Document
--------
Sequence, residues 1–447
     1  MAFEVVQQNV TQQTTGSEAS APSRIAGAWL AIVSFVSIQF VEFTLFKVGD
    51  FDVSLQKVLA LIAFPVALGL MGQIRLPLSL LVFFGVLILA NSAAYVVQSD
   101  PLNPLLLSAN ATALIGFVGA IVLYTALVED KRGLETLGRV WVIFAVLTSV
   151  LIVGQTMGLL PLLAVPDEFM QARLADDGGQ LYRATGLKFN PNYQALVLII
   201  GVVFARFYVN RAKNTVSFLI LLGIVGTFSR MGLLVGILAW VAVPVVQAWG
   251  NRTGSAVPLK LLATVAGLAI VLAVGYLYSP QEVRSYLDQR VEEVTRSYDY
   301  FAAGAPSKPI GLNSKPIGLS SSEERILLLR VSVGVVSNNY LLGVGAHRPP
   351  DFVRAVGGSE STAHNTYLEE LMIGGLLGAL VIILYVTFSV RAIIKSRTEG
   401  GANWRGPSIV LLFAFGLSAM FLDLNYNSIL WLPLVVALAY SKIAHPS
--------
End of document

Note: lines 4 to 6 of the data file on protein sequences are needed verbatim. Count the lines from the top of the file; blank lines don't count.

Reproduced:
   101  PLNPLLLSAN ATALIGFVGA IVLYTALVED KRGLETLGRV WVIFAVLTSV
   151  LIVGQTMGLL PLLAVPDEFM QARLADDGGQ LYRATGLKFN PNYQALVLII
   201  GVVFARFYVN RAKNTVSFLI LLGIVGTFSR MGLLVGILAW VAVPVVQAWG